In the 1950s, Albert Sabin was searching for an improved polio vaccine. To that end, his lab infected the brains of mice, chimpanzees, and monkeys with the virus that causes the disease. They wanted to see if the pathogen would change and if weakened forms might arise.
They eventually isolated versions of the polio virus that could still infect people but didn’t cause paralysis. Sabin’s so-called attenuated strains became the famous oral polio vaccine given on a sugar cube to billions of children.
Now, researchers say, synthetic biology has led to a way to create a weakened form of the pandemic coronavirus that causes covid-19. Although the idea remains a long-shot in the vaccine race, an attenuated coronavirus could be formulated into inexpensive nose drops for use around the world.
The startup company behind the new version of SARS-CoV-2, called Codagenix, is working with Serum Institute of India, based in Pune, which bills itself as the world’s largest vaccine maker. Plans are for the first volunteers to sniff up the synthetically designed virus starting in November, in initial human safety tests in the UK.
The most advanced covid vaccine candidates, including those from AstraZeneca and Moderna Pharmaceuticals, expose a person to only one part of the virus, the crown-shaped “spike” that gives it its name, in order to generate antibodies.
The potential advantage of a vaccine using an attenuated live strain is that the body will encounter—and be able to react to—the entire virus. People will “catch” it through their nose, and it will even grow inside them. In theory, that could prompt the formation of not just antibodies but also T cells and specialized forms of immunity in the nasal passage, leading to broader protection.
It might seem scary to imagine getting infected by the coronavirus on purpose, but attenuated-virus vaccines are common. The kids’ flu vaccine FluMist has a weakened influenza virus in it. And Serum Institute sells 750,000 doses a year of vaccines using live measles. The only disease ever successfully eradicated from the globe, smallpox, was wiped out with shots of a live virus.
“If you want to complete the immunological response, then you need to mimic the course of the disease,” says Rajeev Dhere, a director at Serum Institute. “This can only be done with live attenuated vaccine.”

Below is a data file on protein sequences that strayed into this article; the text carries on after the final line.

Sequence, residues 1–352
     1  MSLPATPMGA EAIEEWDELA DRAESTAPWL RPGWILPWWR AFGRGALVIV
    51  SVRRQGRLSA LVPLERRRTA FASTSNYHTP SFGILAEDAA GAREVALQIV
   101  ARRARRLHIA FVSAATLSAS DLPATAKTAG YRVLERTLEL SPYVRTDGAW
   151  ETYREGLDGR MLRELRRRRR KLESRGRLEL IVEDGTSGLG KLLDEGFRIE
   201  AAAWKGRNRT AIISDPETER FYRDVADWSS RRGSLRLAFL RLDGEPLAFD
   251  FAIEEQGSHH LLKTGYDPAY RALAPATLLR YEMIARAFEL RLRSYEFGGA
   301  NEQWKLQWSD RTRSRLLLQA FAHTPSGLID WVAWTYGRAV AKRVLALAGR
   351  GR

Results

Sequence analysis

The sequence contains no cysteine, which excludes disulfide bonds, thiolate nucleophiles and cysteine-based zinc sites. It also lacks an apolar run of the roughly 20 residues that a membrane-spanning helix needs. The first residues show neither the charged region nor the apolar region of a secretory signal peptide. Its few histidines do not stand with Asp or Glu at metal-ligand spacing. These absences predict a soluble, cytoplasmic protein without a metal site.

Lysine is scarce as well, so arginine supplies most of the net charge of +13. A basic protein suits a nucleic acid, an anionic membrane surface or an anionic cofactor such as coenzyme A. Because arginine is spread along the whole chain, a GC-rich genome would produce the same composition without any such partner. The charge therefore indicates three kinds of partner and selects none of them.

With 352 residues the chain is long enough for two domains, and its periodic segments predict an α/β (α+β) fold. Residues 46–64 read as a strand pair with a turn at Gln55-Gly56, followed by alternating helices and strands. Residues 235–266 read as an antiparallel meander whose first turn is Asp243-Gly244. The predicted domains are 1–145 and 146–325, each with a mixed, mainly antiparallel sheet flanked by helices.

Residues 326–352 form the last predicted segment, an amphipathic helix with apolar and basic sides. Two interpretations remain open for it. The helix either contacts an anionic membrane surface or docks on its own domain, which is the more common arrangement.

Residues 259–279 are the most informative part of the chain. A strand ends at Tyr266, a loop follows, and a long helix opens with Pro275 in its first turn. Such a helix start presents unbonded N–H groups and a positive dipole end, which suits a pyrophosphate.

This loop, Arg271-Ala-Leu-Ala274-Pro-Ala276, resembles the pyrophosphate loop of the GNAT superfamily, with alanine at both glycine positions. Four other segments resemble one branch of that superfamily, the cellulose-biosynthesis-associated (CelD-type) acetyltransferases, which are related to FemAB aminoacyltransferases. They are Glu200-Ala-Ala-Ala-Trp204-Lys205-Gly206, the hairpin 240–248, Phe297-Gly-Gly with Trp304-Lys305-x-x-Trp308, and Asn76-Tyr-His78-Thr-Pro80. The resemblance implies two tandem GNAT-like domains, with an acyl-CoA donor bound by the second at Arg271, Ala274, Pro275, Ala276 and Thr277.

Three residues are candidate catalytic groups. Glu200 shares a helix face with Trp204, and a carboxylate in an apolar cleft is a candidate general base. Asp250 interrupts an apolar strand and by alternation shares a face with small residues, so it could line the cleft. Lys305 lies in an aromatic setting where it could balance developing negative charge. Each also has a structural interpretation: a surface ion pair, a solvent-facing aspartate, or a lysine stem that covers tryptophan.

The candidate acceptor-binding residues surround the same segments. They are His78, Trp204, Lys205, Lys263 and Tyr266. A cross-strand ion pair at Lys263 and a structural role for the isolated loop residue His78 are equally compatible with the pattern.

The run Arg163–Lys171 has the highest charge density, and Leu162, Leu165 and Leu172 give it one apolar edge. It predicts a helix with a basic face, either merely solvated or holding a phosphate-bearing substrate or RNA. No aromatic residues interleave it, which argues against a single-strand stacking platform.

Re-creating the virus
In the past, finding an attenuated strain to use as a vaccine was a painstaking process, says Stanley Plotkin, who advises Codagenix and was involved in early polio studies. That’s because it’s been done by growing a virus in cells from other species and waiting for a weaker strain to appear by chance. That can take 10 years. Sometimes a suitably behaving strain is never found.
A new, rational approach emerged in 2002. That is when Eckard Wimmer, a virologist at Stony Brook University, caused a sensation by creating infectious polio virus starting from only genetic instructions. It was the “first creation of life in a test tube,” according to the newspaper headlines, and a possible bioterror threat, too.
Some called Wimmer’s demonstration irresponsible. But the technology for generating viruses from data also allows researchers to get creative, since the procedure lets them rewrite the viral genes in any way they want. “That is where synthetic biology, genome editing, comes in. You can take evolution, which took years to occur, down to days,” says Farren Isaacs, a biologist at Yale University. “Unfortunately, the pandemic is creating an opportunity for this technology.”
Instead of creating dangerous germs, by 2008 Wimmer and J. Robert Coleman, then a member of his lab and now the CEO of Codagenix, had started showing how they could use synthetic biology to design weakened versions of polio using a strategy they called “synthetic attenuated-virus engineering” or, more colorfully, “death by a thousand cuts.”
To understand how they do it, it’s necessary to know that genes work using a three-letter code. To make proteins, a cell looks to these three-letter “codons” to determine which amino acid to add next to a protein it is building. But it turns out the genetic code has redundancy. There are 64 codons that can be spelled with the genetic alphabet, but only 20 amino acids to make. For instance, six different codons code for the same amino acid, serine.